Two senior Israeli rabbis are at the centre of controversies over their statements on homosexuality and rape.
Former chief rabbi of Israel, Moshe Amar, currently serving as Chief Rabbi of Jerusalem, said in an interview last week homosexuals were "a cult of abomination" and, according to the Torah, deserved the death penalty.
His remarks caused a flurry of reactions in Israel and abroad. LGBT activists draped the Rabbinate offices in Jerusalem with Gay Pride flags while local city council members demanded that the rabbi resign on the grounds he was unfit to serve as the rabbi of a city where a teenager was murdered last year during the annual gay parade.
Rabbi Amar responded saying no-one could pressure him to "erase what is written in the Torah".
In another rabbinical controversy, the High Court ordered the IDF to delay the appointment of Rabbi Eyal Karim as the military's chief minister.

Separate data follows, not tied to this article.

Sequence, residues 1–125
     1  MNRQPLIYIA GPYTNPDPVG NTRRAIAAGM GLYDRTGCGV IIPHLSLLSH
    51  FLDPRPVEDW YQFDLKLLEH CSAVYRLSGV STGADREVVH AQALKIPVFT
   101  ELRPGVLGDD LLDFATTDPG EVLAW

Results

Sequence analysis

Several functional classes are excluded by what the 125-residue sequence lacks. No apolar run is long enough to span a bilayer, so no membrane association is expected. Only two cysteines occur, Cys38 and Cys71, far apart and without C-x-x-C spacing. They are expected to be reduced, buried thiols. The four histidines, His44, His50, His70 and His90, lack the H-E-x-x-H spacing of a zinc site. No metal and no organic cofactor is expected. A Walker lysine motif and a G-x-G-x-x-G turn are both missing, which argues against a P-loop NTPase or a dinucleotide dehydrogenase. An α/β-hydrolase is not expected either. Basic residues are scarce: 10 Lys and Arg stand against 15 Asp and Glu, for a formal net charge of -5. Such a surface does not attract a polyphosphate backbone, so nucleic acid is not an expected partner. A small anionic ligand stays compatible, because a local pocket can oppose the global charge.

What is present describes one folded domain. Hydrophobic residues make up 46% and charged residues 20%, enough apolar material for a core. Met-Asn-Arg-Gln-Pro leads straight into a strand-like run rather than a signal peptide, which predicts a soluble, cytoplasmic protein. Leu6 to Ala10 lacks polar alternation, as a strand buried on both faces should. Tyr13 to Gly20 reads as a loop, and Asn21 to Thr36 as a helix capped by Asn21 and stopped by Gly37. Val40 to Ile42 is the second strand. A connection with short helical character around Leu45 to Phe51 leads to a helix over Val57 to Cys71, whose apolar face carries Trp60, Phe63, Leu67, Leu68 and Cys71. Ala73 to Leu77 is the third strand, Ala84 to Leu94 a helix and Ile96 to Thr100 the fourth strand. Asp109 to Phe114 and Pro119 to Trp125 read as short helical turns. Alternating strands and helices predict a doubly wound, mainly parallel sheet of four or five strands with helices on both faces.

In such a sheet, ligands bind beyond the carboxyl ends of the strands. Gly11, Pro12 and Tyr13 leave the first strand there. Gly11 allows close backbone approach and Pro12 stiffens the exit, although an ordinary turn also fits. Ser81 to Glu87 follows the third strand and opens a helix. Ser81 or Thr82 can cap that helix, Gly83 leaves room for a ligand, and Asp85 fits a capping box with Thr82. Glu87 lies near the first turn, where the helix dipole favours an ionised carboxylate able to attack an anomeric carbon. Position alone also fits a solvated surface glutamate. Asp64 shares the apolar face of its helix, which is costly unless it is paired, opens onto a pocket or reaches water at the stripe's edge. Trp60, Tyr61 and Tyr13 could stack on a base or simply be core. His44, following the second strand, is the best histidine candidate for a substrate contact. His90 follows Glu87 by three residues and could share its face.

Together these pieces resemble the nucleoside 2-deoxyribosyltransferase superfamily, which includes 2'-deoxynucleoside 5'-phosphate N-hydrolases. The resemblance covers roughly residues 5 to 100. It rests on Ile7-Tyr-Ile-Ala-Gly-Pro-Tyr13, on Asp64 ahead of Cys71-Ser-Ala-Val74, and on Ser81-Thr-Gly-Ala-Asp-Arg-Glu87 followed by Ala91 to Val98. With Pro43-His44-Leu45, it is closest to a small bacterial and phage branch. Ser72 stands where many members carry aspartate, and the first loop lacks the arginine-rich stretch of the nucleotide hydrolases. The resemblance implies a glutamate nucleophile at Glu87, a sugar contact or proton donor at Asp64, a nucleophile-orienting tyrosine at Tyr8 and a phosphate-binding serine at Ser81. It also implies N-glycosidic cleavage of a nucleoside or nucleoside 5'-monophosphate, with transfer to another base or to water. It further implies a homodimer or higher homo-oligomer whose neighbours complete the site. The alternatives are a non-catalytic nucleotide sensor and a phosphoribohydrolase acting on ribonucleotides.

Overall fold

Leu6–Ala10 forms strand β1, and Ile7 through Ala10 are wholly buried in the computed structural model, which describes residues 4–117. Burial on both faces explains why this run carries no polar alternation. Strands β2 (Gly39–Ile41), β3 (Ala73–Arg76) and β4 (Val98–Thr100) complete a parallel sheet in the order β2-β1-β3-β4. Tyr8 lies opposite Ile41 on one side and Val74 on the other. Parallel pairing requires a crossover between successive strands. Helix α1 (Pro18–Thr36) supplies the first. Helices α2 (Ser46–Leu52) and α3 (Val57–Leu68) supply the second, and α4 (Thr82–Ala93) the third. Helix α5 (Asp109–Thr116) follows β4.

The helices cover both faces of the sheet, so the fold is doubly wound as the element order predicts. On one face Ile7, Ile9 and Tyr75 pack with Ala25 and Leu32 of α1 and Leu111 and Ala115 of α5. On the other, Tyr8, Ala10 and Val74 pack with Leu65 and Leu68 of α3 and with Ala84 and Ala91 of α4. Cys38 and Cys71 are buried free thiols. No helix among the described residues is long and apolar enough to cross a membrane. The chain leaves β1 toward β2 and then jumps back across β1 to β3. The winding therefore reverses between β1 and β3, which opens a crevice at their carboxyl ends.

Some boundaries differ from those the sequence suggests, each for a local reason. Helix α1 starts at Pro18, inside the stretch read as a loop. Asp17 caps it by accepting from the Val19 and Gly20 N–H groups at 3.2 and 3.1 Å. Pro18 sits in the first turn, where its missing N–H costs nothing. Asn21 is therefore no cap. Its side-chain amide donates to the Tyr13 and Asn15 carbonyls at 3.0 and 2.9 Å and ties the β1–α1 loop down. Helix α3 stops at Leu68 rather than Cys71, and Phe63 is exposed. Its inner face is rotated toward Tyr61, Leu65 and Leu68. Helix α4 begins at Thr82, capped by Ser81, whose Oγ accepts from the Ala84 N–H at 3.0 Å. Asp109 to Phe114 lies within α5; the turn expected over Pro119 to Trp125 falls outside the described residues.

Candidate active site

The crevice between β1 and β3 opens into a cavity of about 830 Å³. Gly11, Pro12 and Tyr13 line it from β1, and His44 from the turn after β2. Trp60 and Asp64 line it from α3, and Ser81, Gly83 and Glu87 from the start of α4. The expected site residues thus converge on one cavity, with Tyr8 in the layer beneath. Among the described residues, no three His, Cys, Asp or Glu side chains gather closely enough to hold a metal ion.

The move came after the Meretz Party filed a petition for the appointment to be cancelled over a passage the rabbi wrote over a decade ago explaining why the Torah permitted rape at time of war.
Although Rabbi Karim has explained he was not condoning such actions in today's IDF and wrote a letter confirming soldiers should follow General Staff orders, the court issued an injunction delaying the appointment until the rabbi further clarifies what he wrote in the past.